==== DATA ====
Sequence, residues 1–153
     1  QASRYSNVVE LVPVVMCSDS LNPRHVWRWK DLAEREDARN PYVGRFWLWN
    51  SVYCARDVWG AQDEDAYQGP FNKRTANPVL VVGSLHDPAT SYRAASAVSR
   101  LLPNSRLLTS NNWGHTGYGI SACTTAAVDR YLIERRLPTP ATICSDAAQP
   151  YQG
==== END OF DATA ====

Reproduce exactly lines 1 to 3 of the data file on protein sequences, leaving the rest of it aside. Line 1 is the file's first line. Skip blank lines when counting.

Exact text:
Sequence, residues 1–153
     1  QASRYSNVVE LVPVVMCSDS LNPRHVWRWK DLAEREDARN PYVGRFWLWN
    51  SVYCARDVWG AQDEDAYQGP FNKRTANPVL VVGSLHDPAT SYRAASAVSR